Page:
Huang, Hua Wei; Zhang, Yang

2011-07-01

26

Colour analysis and verification of CCTV images under different lighting conditions  

NASA Astrophysics Data System (ADS)

Colour information is not faithfully maintained by a CCTV imaging chain. Since colour can play an important role in identifying objects it is beneficial to be able to account accurately for changes to colour introduced by components in the chain. With this information it will be possible for law enforcement agencies and others to work back along the imaging chain to extract accurate colour information from CCTV recordings. A typical CCTV system has an imaging chain that may consist of scene, camera, compression, recording media and display. The response of each of these stages to colour scene information was characterised by measuring its response to a known input. The main variables that affect colour within a scene are illumination and the colour, orientation and texture of objects. The effects of illumination on the appearance of colour of a variety of test targets were tested using laboratory-based lighting, street lighting, car headlights and artificial daylight. A range of typical cameras used in CCTV applications, common compression schemes and representative displays were also characterised.

Smith, R. A.; MacLennan-Brown, K.; Tighe, J. F.; Cohen, N.; Triantaphillidou, S.; MacDonald, L. W.

2008-01-01

27

Influence of bottle storage time on colour, phenolic composition and sensory properties of sweet red wines.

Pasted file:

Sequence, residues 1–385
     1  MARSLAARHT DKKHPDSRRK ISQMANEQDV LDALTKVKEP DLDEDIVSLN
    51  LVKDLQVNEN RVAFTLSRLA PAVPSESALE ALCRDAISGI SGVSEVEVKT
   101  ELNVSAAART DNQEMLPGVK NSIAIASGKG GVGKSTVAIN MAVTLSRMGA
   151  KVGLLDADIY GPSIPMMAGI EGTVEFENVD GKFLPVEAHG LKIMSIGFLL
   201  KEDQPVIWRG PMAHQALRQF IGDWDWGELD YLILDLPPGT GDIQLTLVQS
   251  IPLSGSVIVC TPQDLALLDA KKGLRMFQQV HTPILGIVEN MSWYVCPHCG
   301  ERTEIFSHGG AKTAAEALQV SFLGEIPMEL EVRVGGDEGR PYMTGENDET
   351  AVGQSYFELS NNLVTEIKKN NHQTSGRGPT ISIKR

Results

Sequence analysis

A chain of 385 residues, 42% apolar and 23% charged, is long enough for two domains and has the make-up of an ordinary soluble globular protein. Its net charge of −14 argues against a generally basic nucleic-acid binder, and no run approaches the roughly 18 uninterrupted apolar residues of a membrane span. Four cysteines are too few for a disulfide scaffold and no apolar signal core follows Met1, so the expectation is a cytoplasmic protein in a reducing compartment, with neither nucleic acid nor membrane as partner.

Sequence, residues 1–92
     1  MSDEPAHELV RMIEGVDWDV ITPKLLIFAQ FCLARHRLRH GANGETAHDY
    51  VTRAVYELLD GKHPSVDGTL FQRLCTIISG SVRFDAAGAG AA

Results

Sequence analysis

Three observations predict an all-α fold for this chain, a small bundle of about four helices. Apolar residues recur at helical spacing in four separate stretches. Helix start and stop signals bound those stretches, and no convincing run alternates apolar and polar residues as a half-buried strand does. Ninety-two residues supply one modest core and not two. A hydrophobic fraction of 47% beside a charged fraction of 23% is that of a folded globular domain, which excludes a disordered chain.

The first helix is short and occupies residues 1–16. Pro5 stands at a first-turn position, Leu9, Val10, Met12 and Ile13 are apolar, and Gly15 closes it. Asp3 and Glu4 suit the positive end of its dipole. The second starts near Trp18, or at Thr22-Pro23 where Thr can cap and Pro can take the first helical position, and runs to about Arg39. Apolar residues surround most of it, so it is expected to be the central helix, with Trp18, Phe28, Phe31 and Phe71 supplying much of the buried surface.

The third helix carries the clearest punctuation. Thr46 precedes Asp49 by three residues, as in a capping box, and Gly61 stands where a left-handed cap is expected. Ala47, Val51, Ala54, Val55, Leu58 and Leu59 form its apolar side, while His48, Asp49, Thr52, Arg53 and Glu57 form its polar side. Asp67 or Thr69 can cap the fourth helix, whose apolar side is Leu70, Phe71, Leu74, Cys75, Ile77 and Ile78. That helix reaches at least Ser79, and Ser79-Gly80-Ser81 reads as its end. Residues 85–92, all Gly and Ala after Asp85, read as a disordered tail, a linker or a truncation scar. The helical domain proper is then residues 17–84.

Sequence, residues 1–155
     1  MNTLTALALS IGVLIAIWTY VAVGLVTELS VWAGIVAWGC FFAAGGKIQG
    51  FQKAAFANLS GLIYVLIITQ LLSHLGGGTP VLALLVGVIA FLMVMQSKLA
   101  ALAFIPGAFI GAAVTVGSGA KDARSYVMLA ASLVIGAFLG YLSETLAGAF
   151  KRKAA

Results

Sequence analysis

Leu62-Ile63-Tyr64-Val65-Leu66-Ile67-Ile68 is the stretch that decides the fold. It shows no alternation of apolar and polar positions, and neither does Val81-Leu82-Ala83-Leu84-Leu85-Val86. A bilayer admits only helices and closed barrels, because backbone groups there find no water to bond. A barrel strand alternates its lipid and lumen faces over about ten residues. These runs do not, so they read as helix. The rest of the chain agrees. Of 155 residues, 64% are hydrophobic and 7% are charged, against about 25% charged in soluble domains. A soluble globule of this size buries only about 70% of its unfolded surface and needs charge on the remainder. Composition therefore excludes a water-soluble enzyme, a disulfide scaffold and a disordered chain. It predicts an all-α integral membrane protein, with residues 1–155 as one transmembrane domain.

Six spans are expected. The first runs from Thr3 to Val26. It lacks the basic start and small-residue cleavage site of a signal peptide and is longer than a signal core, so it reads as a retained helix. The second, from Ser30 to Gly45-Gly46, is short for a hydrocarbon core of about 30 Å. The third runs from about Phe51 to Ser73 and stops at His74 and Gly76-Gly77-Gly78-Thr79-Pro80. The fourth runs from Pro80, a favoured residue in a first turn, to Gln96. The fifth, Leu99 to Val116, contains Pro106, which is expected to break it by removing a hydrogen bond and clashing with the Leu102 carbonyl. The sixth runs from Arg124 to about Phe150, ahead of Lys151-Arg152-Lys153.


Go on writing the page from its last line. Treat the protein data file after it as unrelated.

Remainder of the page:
PubMed

Changes in colour and phenolic composition in sweet red wines made from Merlot, Syrah and Tempranillo grapes were studied in order to assess the influence of bottle storage over a period of 12months. For this purpose, wine colour parameters, sensory analysis and concentrations of monomeric anthocyanins, pyranoanthocyanins, methylmethine-mediated condensation adducts, flavan3-ol derivatives and flavonols were measured. Hue increased and red colours decreased with the storage time, particularly over the first 3months. The concentrations of low molecular weight flavan-3-ol derivatives decreased with time due to the effect of their conversion into tannins of high molecular weight. In addition, the glycosylated flavonols decreased through hydrolysis to give the corresponding aglycones. Overall, the concentration of phenolic compounds decreased markedly with storage time, whereas the antioxidant activity in the wines remained constant throughout. A panel of expert tasters judged the colour, aroma and flavour of all initial and final wines to be acceptable. PMID:24176375